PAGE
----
Figure 2 active-standby scenario
Figure 2. You can use asynchronous geo-replication to implement an active-standby scenario where all of the data within a given namespace is forwarded to a cluster that will be used only in the event of a failure.

As you may have noticed, the replication of the Pulsar data will still be done bidirectionally, which means that the us-west cluster will attempt to send the data it receives during the outage to the us-east cluster. This might be problematic if the failure is related to one or more components within the Pulsar cluster, or the network for the us-east cluster is unreachable, etc. Therefore, you should consider adding selective replication code inside your Pulsar producers to prevent the us-west cluster from attempting to replicate messages to the us-east cluster, which is most likely dead.

You can restrict replication selectively, by directly specifying a replication list for a message at the application level. The code in Listing 3 shows an example of producing a message that will only be replicated to the us-west cluster, which is the behavior you want in this active-standby scenario.

Listing 3. Selective replication per message

List restrictDatacenters = Lists.newArrayList("us-west");

Message message = MessageBuilder.create()


Sometimes you want to funnel messages from multiple clusters into a single location for aggregation purposes. One such example would be gathering all the payment data collected from across all the geographical regions for processing and collection, etc.

Aggregation geo-replication

Assume we have three clusters all actively serving the customers in their respective regions, and a fourth Pulsar cluster named "internal" that is completely isolated from the web and only accessible by internal employees that is used to aggregate the data from all of the customer-serving Pulsar clusters as shown in Figure 3. In order to implement Aggregation Geo-Replication across these four clusters, you will need to use the commands shown in Listing 4, which first creates the "E-payments" tenant and grants access to all the clusters.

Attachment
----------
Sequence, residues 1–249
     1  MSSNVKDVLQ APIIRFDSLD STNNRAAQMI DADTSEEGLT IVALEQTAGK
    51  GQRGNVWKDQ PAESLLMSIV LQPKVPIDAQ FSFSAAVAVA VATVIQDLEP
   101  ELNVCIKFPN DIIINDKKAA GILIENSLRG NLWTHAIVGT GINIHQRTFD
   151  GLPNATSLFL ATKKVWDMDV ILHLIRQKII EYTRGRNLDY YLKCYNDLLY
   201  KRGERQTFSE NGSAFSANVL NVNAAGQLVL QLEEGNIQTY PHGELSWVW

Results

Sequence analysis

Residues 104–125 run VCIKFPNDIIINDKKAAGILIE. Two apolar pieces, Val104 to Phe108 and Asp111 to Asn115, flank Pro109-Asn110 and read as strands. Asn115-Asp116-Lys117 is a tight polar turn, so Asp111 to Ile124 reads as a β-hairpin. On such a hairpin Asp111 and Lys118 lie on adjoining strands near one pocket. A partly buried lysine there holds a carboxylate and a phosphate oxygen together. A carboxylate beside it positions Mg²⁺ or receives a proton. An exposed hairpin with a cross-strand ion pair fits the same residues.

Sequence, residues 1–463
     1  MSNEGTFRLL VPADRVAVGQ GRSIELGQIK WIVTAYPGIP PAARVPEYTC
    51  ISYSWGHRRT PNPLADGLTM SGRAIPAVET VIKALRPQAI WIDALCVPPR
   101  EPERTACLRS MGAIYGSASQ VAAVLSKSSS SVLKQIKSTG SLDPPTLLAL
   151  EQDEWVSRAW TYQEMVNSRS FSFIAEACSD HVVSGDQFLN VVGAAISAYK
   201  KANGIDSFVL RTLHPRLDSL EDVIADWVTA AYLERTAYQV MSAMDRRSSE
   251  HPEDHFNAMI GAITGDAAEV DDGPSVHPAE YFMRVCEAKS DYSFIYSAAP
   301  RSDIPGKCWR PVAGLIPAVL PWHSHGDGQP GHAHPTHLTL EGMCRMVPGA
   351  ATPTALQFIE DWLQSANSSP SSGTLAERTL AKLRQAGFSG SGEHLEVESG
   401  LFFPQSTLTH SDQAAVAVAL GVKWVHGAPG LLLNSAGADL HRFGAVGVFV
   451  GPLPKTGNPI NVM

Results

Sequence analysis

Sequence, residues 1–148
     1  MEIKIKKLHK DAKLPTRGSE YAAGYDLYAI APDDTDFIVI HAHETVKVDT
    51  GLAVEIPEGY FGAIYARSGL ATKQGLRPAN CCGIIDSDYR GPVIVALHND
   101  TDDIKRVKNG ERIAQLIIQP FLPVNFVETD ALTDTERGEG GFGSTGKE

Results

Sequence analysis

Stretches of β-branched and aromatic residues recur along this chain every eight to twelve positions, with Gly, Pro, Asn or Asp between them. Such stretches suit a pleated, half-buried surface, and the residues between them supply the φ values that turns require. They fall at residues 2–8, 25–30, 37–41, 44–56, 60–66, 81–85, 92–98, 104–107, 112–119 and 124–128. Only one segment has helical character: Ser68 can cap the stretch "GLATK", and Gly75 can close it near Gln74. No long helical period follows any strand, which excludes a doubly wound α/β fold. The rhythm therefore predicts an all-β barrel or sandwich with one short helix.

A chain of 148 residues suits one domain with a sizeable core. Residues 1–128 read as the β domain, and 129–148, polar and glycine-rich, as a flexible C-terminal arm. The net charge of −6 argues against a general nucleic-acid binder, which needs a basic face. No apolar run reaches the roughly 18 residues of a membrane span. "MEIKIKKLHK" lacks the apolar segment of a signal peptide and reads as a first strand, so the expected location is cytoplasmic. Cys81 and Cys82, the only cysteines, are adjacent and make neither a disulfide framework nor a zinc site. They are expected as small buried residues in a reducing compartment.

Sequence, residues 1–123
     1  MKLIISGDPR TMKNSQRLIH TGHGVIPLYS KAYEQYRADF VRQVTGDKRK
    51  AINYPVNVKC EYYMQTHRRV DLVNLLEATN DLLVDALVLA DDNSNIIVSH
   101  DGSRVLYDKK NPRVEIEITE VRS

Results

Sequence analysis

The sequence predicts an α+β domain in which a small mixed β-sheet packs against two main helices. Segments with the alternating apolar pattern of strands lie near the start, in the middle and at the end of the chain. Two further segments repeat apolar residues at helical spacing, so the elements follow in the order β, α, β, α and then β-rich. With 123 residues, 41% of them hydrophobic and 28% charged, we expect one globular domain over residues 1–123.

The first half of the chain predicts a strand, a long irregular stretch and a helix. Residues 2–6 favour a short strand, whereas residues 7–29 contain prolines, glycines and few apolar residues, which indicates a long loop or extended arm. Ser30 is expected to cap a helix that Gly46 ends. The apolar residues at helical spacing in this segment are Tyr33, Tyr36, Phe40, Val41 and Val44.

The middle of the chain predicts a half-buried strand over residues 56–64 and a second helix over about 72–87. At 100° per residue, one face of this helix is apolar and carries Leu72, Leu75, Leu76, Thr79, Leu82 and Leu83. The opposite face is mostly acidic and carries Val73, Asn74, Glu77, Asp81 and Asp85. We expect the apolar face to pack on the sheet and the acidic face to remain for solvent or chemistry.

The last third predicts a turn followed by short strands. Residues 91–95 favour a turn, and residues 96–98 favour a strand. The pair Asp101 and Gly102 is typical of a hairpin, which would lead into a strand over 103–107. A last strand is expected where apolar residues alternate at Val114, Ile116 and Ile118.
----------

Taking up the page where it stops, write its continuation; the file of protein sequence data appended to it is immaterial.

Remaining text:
Figure 3 aggregation geo-replication configuration
Figure 3. An aggregation geo-replication configuration to funnel messages from 3 customer-facing Pulsar clusters to an internal Pulsar cluster for aggregation and analysis.

Next you will need to create a namespace for each of the customer services clusters, e.g., E-payments/us-east-payments. You cannot use one such as E-payments/payments because that would lead to full mesh replication if you attempted to use it, since every cluster would have that namespace. Thus, a per-cluster namespace is required in order for this to work.

Listing 4. Aggregator geo-replication

/pulsar/bin/pulsar-admin tenants create E-payments \    #A
--allowed-clusters us-west,us-east,us-central,internal

/pulsar/bin/pulsar-admin namespaces create E-payments/us-east-payments    #B
/pulsar/bin/pulsar-admin namespaces create E-payments/us-west-payments
/pulsar/bin/pulsar-admin namespaces create E-payments/us-central-payments

/pulsar/bin/pulsar-admin namespaces set-clusters \   #C
E-payments/us-east-payments --clusters us-east,internal

/pulsar/bin/pulsar-admin namespaces set-clusters \    #D
E-payments/us-west-payments --clusters us-west,internal

/pulsar/bin/pulsar-admin namespaces set-clusters \    #E
E-payments/us-central-payments --clusters us-central,internal

If you decide to implement this pattern and you intend to run identical copies of an application across all the customer servicing cluster, then be sure to make the topic name configurable so that the application running on us-east knows to publish messages to topics inside the us-east-payments namespace, etc. Otherwise, the replication will not work.

About the author:
David Kjerrumgaard is the director of solution architecture at Streamlio, and a contributor to the Apache Pulsar and Apache NiFi projects.